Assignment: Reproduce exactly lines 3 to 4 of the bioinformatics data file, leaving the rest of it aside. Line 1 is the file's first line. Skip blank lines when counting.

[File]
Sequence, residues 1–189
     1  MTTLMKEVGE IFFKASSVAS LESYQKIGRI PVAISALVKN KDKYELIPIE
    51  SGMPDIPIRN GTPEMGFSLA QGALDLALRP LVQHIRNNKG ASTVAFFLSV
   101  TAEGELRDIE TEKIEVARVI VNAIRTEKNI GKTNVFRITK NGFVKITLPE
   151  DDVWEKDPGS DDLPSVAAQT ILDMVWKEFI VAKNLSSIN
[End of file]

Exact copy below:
    51  SGMPDIPIRN GTPEMGFSLA QGALDLALRP LVQHIRNNKG ASTVAFFLSV
   101  TAEGELRDIE TEKIEVARVI VNAIRTEKNI GKTNVFRITK NGFVKITLPE